October 7, 2022

Good morning. Today, I offer up some recommendations for your weekend reading, watching and listening. But before that, a few media news updates.

First, what in the heck is going on with Twitter and Elon Musk?

The on-again, off-again sale of Twitter to Musk appeared to be back on again earlier this week when Musk said he would buy the company for the originally agreed-upon price of $54.20 a share, or $44 billion. But on Thursday, it seemed to be off again for a bit and then back on and now … who the heck knows?

Musk’s lawyers said early Thursday that Twitter is refusing to accept the deal and wanted Delaware court to postpone a trial set to begin later this month. Twitter is suing Musk for backing out of the deal he agreed to in April.

So let’s get this straight. Musk agreed to buy Twitter. Musk backed out. Twitter sued. Musk then agreed to the original deal, but now Twitter won’t accept it?


Then came word Thursday evening that the trial will indeed be delayed to give Musk more time to line up his financing.

The Wall Street Journal’s Cara Lombardo and Alexa Corse wrote, “The surprise ruling, granting a request by Mr. Musk, effectively ends negotiations for a settlement that would allow the parties to quickly close the deal. Mr. Musk now has until Oct. 28 to do so. Chancellor Kathaleen McCormick said if the deal doesn’t close by that date, the parties should contact her to schedule a November trial.”

Lombardo and Corse added, “Late Thursday, the dispute spilled into public view with Mr. Musk’s filing, which said he expected to have the financing in place to close the deal around Oct. 28. Twitter responded by calling his request an ‘invitation to further mischief and delay.’ Mr. Musk in his filing said the financing banks are working to fund the deal so it can close. He argued that proceeding with the litigation for now, as Twitter prefers, could keep the deal in limbo longer.”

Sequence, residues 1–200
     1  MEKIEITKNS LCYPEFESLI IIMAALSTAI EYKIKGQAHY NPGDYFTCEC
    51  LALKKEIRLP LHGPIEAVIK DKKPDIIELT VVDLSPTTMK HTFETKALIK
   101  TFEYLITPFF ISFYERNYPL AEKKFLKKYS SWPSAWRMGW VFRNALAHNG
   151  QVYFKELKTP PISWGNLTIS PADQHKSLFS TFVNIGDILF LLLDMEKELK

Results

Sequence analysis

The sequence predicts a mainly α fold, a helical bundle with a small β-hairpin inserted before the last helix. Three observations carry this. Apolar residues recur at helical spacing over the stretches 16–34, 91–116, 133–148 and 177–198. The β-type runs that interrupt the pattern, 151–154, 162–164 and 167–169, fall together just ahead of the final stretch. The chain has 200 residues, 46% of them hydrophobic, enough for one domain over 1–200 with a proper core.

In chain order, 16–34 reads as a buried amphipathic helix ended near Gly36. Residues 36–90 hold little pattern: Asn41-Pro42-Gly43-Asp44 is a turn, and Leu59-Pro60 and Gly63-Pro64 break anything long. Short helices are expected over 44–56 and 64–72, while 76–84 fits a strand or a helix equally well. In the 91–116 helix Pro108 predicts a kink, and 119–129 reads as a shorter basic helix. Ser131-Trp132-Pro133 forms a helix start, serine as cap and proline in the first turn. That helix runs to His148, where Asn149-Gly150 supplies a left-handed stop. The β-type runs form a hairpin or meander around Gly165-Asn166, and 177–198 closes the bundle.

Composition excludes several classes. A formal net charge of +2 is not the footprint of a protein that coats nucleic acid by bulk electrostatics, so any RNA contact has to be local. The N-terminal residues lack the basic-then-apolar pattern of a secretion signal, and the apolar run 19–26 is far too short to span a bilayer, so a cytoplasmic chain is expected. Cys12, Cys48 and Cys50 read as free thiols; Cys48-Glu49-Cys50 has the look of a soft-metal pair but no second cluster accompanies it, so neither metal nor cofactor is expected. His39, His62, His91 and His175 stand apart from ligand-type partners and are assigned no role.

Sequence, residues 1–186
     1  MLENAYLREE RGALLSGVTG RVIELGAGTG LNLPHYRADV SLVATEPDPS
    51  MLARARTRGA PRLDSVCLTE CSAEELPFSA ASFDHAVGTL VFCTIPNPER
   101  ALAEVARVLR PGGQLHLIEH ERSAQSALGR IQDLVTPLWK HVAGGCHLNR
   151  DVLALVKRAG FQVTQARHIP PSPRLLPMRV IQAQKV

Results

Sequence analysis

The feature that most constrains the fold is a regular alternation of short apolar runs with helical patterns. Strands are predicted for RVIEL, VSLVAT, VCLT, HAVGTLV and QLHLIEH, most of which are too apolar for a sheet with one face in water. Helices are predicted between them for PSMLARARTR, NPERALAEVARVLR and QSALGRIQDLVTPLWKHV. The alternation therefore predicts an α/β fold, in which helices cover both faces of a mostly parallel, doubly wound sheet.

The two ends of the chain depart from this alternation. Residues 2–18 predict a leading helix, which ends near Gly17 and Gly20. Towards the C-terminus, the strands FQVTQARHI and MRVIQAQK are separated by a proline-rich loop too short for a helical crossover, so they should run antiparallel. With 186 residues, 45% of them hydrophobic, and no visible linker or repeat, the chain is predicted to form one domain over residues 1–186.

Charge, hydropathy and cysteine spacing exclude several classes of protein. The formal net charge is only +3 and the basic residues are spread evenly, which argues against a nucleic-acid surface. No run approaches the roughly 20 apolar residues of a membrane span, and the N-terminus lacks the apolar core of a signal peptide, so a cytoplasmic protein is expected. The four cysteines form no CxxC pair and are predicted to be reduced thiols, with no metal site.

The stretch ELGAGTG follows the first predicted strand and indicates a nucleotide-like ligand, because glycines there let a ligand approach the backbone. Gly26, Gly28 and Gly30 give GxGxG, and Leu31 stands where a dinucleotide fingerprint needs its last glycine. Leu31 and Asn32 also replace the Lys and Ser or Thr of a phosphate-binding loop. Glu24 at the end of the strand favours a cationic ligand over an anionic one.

CNN’s Clare Duffy wrote, “The back-and-forth offers the clearest indication yet that Musk’s financing may now be the central issue in the dispute between the Tesla CEO and Twitter over halting the legal proceedings and completing the deal. Musk has previously said he would pay for the acquisition through a mix of debt commitments from financial institutions, equity financing from investors and his own assets. But legal experts have raised concerns that debt financiers may now want to pull out of the deal in light of recent changes to the debt market and declines in value of social media companies. Twitter, according to experts, would likely want to maintain the litigation as pressure on Musk unless he agrees to close the deal with or without the debt financing.”

As they say in the business … stay tuned.

Chicago Sun-Times makes its content free to readers

For this item, I turn it over to Poynter media business analyst Rick Edmonds.

The Chicago Sun-Times dropped its paywall Thursday and made all content free to readers. The Sun-Times will shift to membership drives to gather financial support.

The moves come exactly a year after Chicago Public Media and its radio station WBEZ announced their intent to acquire the Sun-Times. The deal closed this January with $61 million in backing from foundations and individual donors.